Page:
by Costa Tsiokos, Wed 01/07/2021 08:04:04 PM
Category: Advert./Mktg., Politics
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fighting words
Congrats to David Singer, HockeyFights.com founder and a frequent visitor to this here blog, on being interviewed by Yahoo! Sports’ Puck Daddy regarding the recent death of amateur hockey player Don Sanderson during an in-game fight.

Fighting in North American hockey is a recurring point of contention within the sport (it’s generally not in the rules in European leagues and prep/college play). So the Sanderson tragedy naturally has become a lightning rod for now-increased calls to have sanctioned fisticuffs banned from the NHL on down.

As you can guess, someone who runs a site called “HockeyFights” isn’t going to fall on the anti-fighting side of the debate. And the broadbased popularity of David’s site attests to the continuing support for five-minute penalty bouts on the ice. That support clashes with overt efforts to eliminate sanctioned fighting within the game, along with the more subtle de-emphasis by the NHL in rule refinements and marketing efforts that avoid mention of this aspect of the game.

Myself, as a fairly hardcore hockey fan? I can live with the status quo, in that I accept fighting as it’s currently codified in the NHL. If it’s popular enough with some of the fanbase that banning it would upset them, then leave things be. That said:

I’m not much of a supporter of fighting, and wouldn’t miss it if it were outlawed today. Hanging onto an activity that’s considered an ejection-worthy penalty in other team sports strikes me as antiquated. And as iffy as it is to judge any sport by the standard of another, I have to note that basketball, football, and other contact sports manage to function without the “outlet” that flying fists supposedly provides. Not to mention that this argument never ends, with re-flares coming at regular intervals — frankly, I’m tired of rehashing this debate when the value of it, for me, diminishes with each round.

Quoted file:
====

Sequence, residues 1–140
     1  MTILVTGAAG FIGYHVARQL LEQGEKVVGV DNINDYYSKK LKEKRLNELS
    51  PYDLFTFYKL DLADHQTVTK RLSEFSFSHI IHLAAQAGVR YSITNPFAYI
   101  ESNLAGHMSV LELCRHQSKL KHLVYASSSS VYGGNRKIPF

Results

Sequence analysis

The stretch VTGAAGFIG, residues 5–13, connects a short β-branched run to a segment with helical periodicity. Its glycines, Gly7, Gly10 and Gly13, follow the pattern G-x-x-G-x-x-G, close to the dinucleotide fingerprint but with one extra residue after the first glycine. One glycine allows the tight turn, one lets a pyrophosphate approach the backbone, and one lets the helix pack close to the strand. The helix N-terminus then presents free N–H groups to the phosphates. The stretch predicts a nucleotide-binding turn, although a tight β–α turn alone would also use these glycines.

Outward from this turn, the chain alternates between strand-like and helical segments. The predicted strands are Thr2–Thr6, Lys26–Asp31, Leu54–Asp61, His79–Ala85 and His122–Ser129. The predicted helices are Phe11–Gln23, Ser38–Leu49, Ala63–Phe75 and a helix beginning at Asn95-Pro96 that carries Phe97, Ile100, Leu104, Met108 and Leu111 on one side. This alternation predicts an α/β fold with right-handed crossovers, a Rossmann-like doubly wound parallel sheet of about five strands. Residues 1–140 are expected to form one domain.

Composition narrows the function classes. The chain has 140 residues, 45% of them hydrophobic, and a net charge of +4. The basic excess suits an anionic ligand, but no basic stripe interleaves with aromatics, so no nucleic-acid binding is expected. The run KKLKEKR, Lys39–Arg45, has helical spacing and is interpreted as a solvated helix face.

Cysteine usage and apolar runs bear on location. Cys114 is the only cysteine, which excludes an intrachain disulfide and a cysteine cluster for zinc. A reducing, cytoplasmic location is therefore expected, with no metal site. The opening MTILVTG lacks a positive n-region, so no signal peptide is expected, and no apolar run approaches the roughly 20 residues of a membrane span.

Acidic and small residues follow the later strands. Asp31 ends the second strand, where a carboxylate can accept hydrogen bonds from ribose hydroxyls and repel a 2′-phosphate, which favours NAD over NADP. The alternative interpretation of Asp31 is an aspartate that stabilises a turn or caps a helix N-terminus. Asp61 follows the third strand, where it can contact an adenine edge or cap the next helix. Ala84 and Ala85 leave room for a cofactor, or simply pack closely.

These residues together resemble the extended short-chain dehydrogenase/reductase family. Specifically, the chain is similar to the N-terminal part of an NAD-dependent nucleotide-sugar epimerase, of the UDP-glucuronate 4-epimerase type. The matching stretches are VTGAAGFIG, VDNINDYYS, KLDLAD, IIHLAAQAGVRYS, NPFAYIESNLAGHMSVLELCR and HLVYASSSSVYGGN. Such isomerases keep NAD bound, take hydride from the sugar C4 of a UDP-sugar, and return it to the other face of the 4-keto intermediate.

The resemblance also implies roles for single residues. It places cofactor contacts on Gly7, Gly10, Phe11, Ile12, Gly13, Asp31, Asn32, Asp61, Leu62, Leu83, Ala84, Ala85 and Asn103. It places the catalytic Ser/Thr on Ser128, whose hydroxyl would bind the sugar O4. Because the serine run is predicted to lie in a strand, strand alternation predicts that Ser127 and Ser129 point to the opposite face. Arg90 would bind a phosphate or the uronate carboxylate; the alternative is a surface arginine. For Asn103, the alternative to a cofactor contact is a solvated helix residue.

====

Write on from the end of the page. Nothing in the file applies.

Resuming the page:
The upshot? The situation brings to my mind Thomas Jefferson’s “wolf by the ear” comparative:

“But, as it is, we have the wolf by the ear, and we can neither hold him, nor safely let him go. Justice is in one scale, and self-preservation in the other.”

Granted, the slavery issue that Jefferson was struggling over was of considerably more importance than how a sports entertainment league governs itself. But the scenario is comparable: Hockey is confronted with a contentious problem, and whichever course of action taken by its guardians will lead to problematic consequences.

Fighting in hockey is indeed a wolf. Keep it or banish it, the resultant course won’t be easy to deal with. Eventually, the NHL and other leagues will make their choice, and hopefully we can all move on from there.

by Costa Tsiokos, Wed 01/07/2021 11:44:36 AM
Category: Bloggin', History, Hockey, True Crime